The next time a honey bee zips by you, take a moment to appreciate what nature has given to us -- this amazing little creature...
A honey bee has a proboscis which works like a tiny drinking straw that sucks up nectar from flowers. There are two stomachs in a bee. Some nectar goes into a bee's main stomach to digest for food and energy, the rest of the nectar goes into a special stomach where the bee can process the nectar into honey and transport it back to the hive. More on this bee's special honey stomach in: Is Honey Bee Vomit?
Bees can detect changes in air pressure. If it's going to rain and air pressure drops, they stay in their hives. Bees also do not fly around if the temperature is below 50 degrees Fahrenheit. When it is cold, they cluster in their hive to stay warm. They use the honey that they make for food during the cold months when nectar is scarce.
A honey bee can sting. If you get stung, the bee's stinger gets hooked into your skin, and while the bee tries to flee, part of its body tears off, causing it to die. A bee sting leaves a tiny drop of venom under your skin which makes the skin turn red and swollen. Most beekeepers would tell you that we don't have to be afraid of bees; they only sting people or animals to protect themselves and their hive. However, many people still have a certain phobia of going to near a bee hive and having a bee buzzing around them.
In a colony, there are thousands of workers bees, a few hundred drones, and one queen bee. All worker bees are female and are assigned different tasks to perform -- nurses to take care of larva, construction workers to bond together thousands of wax cells into honeycomb, janitors to keep the hive clean, guards to protect the hive, and last but not least the food finders and gatherers.
The male bees or drones have no stingers and do not produce honey. Basically they do nothing, laze around and leave all the work to the busy worker bees. They have only one purpose in life - to mate with the Queen.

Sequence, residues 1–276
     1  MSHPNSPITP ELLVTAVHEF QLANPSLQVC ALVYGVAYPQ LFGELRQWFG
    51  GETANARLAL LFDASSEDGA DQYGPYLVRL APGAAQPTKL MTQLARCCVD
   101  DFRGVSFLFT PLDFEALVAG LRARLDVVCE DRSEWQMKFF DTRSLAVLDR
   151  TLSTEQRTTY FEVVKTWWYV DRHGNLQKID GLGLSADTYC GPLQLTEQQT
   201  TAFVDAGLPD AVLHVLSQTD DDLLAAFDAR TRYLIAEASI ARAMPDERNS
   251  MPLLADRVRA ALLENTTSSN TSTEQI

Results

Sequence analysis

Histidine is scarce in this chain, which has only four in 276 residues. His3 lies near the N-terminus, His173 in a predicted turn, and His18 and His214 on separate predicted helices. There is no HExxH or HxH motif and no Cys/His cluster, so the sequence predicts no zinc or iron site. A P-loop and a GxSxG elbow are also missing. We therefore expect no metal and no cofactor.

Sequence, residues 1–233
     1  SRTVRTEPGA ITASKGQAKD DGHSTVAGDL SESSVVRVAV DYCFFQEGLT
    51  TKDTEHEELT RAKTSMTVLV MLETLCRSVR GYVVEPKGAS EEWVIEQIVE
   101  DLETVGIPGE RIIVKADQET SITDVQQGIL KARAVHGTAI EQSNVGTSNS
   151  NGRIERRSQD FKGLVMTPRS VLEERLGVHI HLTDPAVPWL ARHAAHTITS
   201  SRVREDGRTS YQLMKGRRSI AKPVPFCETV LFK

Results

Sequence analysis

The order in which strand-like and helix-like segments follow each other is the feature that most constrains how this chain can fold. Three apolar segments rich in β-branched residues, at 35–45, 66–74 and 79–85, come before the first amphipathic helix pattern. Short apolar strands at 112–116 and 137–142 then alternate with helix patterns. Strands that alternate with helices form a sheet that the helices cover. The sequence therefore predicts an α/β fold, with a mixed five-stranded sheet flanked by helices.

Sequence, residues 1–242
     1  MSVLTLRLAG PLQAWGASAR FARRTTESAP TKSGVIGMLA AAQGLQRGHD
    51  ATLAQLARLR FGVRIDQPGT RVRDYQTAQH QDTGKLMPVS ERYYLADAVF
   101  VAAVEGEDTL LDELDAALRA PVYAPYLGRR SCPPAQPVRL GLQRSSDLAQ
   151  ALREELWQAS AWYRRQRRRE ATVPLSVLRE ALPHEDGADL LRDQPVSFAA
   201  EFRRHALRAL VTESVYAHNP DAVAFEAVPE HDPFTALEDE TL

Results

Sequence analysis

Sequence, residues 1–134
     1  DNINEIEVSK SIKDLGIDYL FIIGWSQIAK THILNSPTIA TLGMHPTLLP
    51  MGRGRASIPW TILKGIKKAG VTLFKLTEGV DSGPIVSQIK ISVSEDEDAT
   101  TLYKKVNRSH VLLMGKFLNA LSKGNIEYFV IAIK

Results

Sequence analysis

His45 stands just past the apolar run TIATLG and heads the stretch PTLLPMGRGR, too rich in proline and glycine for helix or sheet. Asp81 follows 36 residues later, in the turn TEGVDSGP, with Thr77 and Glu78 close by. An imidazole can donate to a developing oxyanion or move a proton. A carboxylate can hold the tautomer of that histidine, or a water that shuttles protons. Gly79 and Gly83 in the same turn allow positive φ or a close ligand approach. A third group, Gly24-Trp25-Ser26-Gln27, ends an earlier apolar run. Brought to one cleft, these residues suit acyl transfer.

Honey bee mating is a dramatic example of sexual suicide in the insect kingdom (Wikipedia. The drones die in the act of mating. Honey bee sex intercourse takes place in mid-air. The queen flies out in search of mates and the drones swarm around and compete for the chance to mate with their queen. Eventually, a successful drone grasps the queen and inserts his penis tightly into the queen's reproductive tract. The explosive force from the ejaculation causes the tip of his penis to rupture and be ripped off from its body and left behind inside the queen. The drone falls to the gound and dies quickly. The queen mates with about a dozen of drones in just one nuptial flight and normally will have enough sperm to be stored in her sperm pouch to fertilize all the eggs for the rest of her life (The Biology of the Honey Bee, Harvard University Press. p. 41).
Each hive can have only one queen bee. When a hive gets too crowded with too many bees, the queen bee lays some special eggs that will hatch into new queen bees. The queen then sends out bees to scout for a new home. When a place is found, she leaves the old hive and is followed by a swarm of worker bees. Meanwhile, when the new queen bees emerge in the old hive, the strongest new queen bee destroys the other queens, as there can only be one queen in each hive.
In 1973, Karl Ritter von Frisch won a Nobel prize for cracking the honeybees' communication code. Honeybees waggle and dance to tell other bees in the hives the location of flower nectar sources, the flying time to the sources, and even the wind speed. Watch this video. You will not believe it: The Awesome Honeybee Dance.
Can you answer these questions: Do bees poop in the honey they make? Are their droppings smelly when all they eat is honey and pollen? What do honey bees use to make the bee hive? Is it true that the government is using bees to sniff out bombs?
Stumped? Get your answers in Bee & Honey Questions Answered.
1. Be amazed by how honey bees organize themselves and assume the different roles in the hive: Awesome Roles of Bees in a Hive.
2. Discover what mighty work tiny honeybees do in: 20 Amazing Honey Bee Facts!
3. Want to learn more? Read: Fascinating Honeybee Facts
4. Get insights into bees and beekeeping in: An Interview with a Beekeeper